Sen. Mary Landrieu, D-La., chair of the Senate Energy Committee, with Sen. Joe Manchin, D-W. Va., a member of the committee, speak to reporters about the new urgency to get congressional approval for the Canada-to-Texas Keystone XL pipeline, at the Capitol in Washington. (AP Photo/J. Scott Applewhite)

For scholars of social movements, the conjoined environmental stories of this week -- the U.S. and China have struck a historic deal to limit greenhouse gas emissions, but Congress may vote to approve the Keystone XL pipeline -- perfectly fit one of their more influential theories.

You see, what may happen here is that the more politically radical climate change grassroots loses out on a symbolic issue (blocking a pipeline that will transfer dirty tar sands oil) but climate moderates win really meaty progress on cutting greenhouse gas emissions. And that aligns nicely with the theory of "radical flank effects" in social movements, as suggested in 1988 by the scholar Herbert Haines, who argued that in the Civil Rights Movement, a "radical flank" -- groups like the Black Panthers -- paved the way for the ultimate success of moderates, like Martin Luther King, Jr.

The Keystone XL pipeline, which would carry crude oil from Alberta to the coast of Texas, has been at the center of a very long running and multifaceted controversy. Because it crosses an international border, the State Department must decide whether the pipeline is in the "national interest" -- a process that has dragged on for years.

Greens have targeted the pipeline on the grounds the oil it would carry comes from tar sands and is very energy intensive to extract. They have therefore decided to make this a major battle in the fight to stop climate change. But environmental reports from the State Department have generally been pretty pro-pipeline, suggesting that the pipeline won't have a big impact on greenhouse gas emissions and that other way of transporting crude from Canada would be even more environmentally detrimental.

So why have environmentalists made such a big deal out of it? As Haines put it, "radicals specialize in generating crises which elites must deal with." The Keystone issue, which came virtually out of nowhere due to environmental activism, would certainly count. It rallied climate advocates dramatically, gave them a cause, gave them energy, got them marching.

Moderates, though, "specialize in offering relatively unthreatening avenues of escape," writes Haines. They're super convenient for politicians to have around when they want to announce some major initiative while simultaneously placating their critics.

This process, of course, doesn't ever leave the radicals happy. Indeed, quite the opposite. Because they are defined by the outside world or the political opposition as being too extreme -- in the Keystone case, as being opposed to jobs and economic progress -- politicians may deem it beneficial or strategic to treat them as a kind of political sacrifice.

In 2013, I interviewed Haines about the Keystone battle and whether it could indirectly advance climate progress through a radical flank effect. One of the most telling things that he said is that the answer very much depends upon political momentum. "For a positive effect to happen," he explained, "what you kind of have to have is things moving in the right direction politically. So around environmentalism, it would have to be that the policy is already moving in a pro-environmentalist direction, like civil rights was, and the radicals come along and give it a boost."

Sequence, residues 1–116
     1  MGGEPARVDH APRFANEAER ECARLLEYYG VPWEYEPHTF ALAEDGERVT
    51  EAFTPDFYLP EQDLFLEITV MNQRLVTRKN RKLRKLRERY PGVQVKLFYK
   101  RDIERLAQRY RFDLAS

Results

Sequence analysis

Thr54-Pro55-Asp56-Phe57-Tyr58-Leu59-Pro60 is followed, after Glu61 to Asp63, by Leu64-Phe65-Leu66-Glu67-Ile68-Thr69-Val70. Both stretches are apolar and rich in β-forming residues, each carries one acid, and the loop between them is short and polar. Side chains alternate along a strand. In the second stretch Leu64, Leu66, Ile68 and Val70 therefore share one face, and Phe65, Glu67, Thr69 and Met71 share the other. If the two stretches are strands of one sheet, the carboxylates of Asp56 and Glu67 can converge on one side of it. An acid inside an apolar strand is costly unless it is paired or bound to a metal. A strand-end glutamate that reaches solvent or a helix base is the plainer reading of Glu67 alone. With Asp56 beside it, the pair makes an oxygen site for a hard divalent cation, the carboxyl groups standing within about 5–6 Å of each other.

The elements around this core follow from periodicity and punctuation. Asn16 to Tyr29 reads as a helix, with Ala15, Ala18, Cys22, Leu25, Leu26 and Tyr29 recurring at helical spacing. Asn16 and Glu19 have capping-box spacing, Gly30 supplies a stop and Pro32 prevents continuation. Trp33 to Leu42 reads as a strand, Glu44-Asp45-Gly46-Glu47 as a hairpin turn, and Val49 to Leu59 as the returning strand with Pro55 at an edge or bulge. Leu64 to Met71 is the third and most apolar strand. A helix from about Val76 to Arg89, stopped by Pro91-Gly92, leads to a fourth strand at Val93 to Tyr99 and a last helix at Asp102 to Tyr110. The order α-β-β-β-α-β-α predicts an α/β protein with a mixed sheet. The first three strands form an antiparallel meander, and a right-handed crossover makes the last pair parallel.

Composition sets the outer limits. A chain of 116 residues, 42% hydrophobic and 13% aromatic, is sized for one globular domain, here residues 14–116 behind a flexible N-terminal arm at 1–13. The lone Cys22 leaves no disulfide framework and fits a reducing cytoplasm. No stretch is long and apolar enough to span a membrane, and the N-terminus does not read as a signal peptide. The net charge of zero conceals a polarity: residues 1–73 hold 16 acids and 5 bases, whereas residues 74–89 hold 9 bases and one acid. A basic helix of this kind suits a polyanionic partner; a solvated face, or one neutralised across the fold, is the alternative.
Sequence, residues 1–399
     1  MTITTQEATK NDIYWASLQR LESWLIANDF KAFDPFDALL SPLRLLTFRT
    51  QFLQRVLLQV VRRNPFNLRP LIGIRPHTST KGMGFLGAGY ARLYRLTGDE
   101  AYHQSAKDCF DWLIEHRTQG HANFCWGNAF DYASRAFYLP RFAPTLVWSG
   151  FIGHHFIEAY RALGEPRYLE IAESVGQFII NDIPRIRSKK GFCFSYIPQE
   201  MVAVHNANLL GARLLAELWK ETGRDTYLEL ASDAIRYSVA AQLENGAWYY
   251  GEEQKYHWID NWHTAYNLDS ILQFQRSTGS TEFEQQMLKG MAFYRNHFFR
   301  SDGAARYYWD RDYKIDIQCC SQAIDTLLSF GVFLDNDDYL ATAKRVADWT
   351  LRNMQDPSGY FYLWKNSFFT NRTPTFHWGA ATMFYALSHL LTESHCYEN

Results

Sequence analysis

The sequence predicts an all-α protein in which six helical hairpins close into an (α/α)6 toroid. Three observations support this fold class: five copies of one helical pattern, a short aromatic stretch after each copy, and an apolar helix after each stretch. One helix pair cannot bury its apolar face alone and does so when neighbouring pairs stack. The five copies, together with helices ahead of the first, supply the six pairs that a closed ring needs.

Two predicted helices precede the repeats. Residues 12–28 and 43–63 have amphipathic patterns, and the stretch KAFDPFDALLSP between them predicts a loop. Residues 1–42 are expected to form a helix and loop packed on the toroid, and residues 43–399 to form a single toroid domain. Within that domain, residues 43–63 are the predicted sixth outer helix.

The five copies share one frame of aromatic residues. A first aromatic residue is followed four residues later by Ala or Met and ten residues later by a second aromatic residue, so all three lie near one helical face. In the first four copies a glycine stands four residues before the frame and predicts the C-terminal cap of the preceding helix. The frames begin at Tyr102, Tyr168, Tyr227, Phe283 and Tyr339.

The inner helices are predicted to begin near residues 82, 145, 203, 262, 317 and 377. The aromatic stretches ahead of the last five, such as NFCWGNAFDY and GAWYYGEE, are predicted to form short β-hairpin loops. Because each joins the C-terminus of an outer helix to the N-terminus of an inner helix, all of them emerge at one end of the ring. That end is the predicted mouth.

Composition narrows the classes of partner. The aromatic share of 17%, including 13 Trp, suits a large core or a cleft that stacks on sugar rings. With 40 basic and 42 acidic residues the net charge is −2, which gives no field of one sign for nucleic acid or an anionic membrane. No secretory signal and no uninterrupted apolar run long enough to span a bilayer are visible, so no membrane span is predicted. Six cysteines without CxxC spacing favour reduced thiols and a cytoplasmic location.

It has been quite clear that momentum has been building, since President Obama's re-election, behind climate change action (partly because of the activists!). At the same time, it has also long been clear that the Keystone issue breaks, politically, in a way that much more favors the GOP than it does the environmental left. A Pew poll from earlier this year, for instance, shows that the public strongly supports Keystone overall, but that the issue divides those on the Democratic side. The center, though, is quite pro-Keystone: Independents favor its construction by 61 percent to 29 percent.

A mainstream U.S. politician, looking at polling like this, would generally see Keystone as a liability. Yet it is clear that the Obama administration has been hesitant to approve Keystone -- it cares what the base thinks, and it cares about climate change. Now, though, with the shift in Congress, the political context changes and Keystone may, simply, have too many supporters. (Although there are still hints that President Obama may veto a Keystone bill.)

So if all of this goes down as it very well might -- Obama lands a gigantically significant climate deal with China, but Congress overwhelmingly supports Keystone and the president feels he cannot fight that consensus -- you are going to see all kinds of pundits slamming greens and talking about how Keystone was always a political loser. But that would be precisely the wrong conclusion to draw.

The real truth would be that greens have won -- just not in the way they wanted or expected. But then, activists rarely get to choose precisely how it is that their actions make the world a better place.